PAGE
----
Democratic vice presidential nominee Sen. Kamala Harris told a group of Jewish donors Wednesday that a Joe Biden White House would not place any conditions on military aid to Israel, and that a Biden-Harris administration would continue the "unprecedented" military and intelligence cooperation with the Jewish state the country received from the Obama administration.
Haartez reports the California Democrat's comments came during a virtual campaign call with donors in which she assured attendees that "Joe has made it clear he will not tie security assistance to political decisions Israel makes," adding that she "couldn't agree more" with that policy.
"The Biden-Harris administration will sustain our unbreakable commitment to Israel's security," Harris reportedly said, "including the unprecedented military and intelligence cooperation pioneered during the Obama administration and guarantee that Israel will always maintain its qualitative military edge."
"The Biden-Harris administration will sustain our unbreakable commitment to Israel's security, including the unprecedented military and intelligence cooperation pioneered during the Obama administration." —Sen. Kamala Harris
The Trump administration frequently touts the $3.8 billion in annual U.S. military aid to Israel as proof of its commitment to Israel's security. However, the record $38 billion, 10-year aid package was drafted and approved in 2016, during Obama's tenure. The White House at the time called the grant a "reflection of President Obama's unshakeable commitment to Israel's security."
The Obama administration was often criticized by international human rights advocates for its unconditional support for Israel, which had launched three devastating wars against Gaza in 2008, 2012, and 2014, in which thousands of civilians were killed. Israel also faced growing international condemnation for its ongoing illegal occupation and settler colonization of the West Bank and East Jerusalem, as well as what prominent international critics have called ethnic cleansing and apartheid in the occupied Palestinian territories.
During the 2020 Democratic presidential primaries, there was an historic shift among candidates' stances regarding Israel. For the first time, not only progressive candidates like Sen. Bernie Sanders (I-Vt.) and Sen. Elizabeth Warren (D-Mass.), but also more moderate ones like former South Bend, Indiana Mayor Pete Buttigieg said they would consider attaching conditions to Israel aid.
Biden has called the idea of conditioning aid to Israel "absolutely outrageous."
One critic noted that the Biden-Harris stance falls "far to the right of" former President George H.W. Bush, who initially refused to approve a $10 billion loan to Israel over settlement expansion before ultimately backing down.
— Dan Cohen (@dancohen3000) August 27, 2020
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Harris has long been a supporter of Israel. In 2017, she met with Israeli Prime Minister Netanyahu one day after he announced a plan to expel tens of thousands of African migrants, who he called "infiltrators" who threatened the country's "Jewish character," from Israel.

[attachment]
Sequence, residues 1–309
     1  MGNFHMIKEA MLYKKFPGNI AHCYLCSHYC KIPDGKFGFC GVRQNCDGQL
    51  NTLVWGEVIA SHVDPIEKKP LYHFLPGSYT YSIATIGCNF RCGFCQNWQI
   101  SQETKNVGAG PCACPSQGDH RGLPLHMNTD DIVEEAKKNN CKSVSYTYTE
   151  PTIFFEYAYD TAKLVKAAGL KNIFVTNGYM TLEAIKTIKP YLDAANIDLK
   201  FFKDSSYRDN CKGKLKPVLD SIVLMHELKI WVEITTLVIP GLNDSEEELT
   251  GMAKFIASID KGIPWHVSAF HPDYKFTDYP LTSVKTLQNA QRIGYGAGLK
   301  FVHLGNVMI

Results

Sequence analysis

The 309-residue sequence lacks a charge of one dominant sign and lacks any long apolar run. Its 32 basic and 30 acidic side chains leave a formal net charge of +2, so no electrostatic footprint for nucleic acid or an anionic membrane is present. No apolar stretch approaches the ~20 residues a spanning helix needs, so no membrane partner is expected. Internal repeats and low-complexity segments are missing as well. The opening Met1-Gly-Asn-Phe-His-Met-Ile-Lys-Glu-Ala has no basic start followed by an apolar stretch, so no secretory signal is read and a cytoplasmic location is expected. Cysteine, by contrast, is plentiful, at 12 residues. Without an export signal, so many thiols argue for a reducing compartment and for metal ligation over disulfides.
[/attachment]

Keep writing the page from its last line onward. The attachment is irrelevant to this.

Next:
Today I met with Senator @KamalaHarris of California. We discussed the potential for deepening cooperation in water management, agriculture, cyber security, and more. I expressed my deep appreciation for America's commitment to Israel's security. pic.twitter.com/L5qdcgwWG0
— Benjamin Netanyahu (@netanyahu) November 20, 2017
In Congress, progressive lawmakers including Reps. Ilhan Omar (D-Minn.), Rashida Tlaib (D-Mich.) and moderates including Reps. Betty McCollum (D-Minn.) and Sen. Chris Van Hollen (D-Md.) have sought to block U.S. aid from funding Israel's proposed annexation of large portions of the West Bank.
At the same time, however, even some progressive Democratic lawmakers—most notably Reps. Ayanna Pressley (D-Mass.) and Ro Khanna (D-Calif.)—joined their Republican and moderate Democratic colleagues in supporting a bill that condemned the peaceful Boycott, Divestment and Sanctions (BDS) movement for Palestinian human rights.
Differences between the Obama and Trump administration on relations with Israel are often more stylistic than substantive. While right-wing politicians and pundits made much of some very public spats between Obama and Netanyahu, there was never any serious doubt that the U.S. would continue to staunchly support its closest Middle Eastern ally.
It is true that the Trump administration has been exceptionally accommodating toward Israel, notably by moving the US Embassy from Tel Aviv to Jerusalem, and by withdrawing from the Iran nuclear deal. However, the current administration has continued its predecessors' largely uncritical support for Israel, no matter how many human rights violations it commits, and regardless of world opinion.
Both the Obama and Trump administrations stood nearly alone in the world in vetoing United Nations resolutions condeming Israel's illegal colonization, although Obama did abstain from a vote on settlements shortly before leaving office.
Speaking of Iran, Harris told the Jewish donors that a Biden administration "will not allow Iran to obtain a nuclear weapon," an apparently superfluous statement given that U.S. and Israel intelligence officials have said since the early 2000s that Tehran is not seeking to build or acquire such weapons. Biden has signaled that he is interested in renegotiating the nuclear deal, with which all parties, including the Trump administration, agreed Iran was compliant.
"We will work with our allies... to strengthen and extend the Iran deal and push back against Iran's other destabilizing actions," Harris told the donors on the Wednesday call, which came as Israel continued its near-daily air and artillery attacks on what it says are Hamas targets in Gaza in repsonse to incendiary balloon attacks that have sparked wildfires in southern Israel.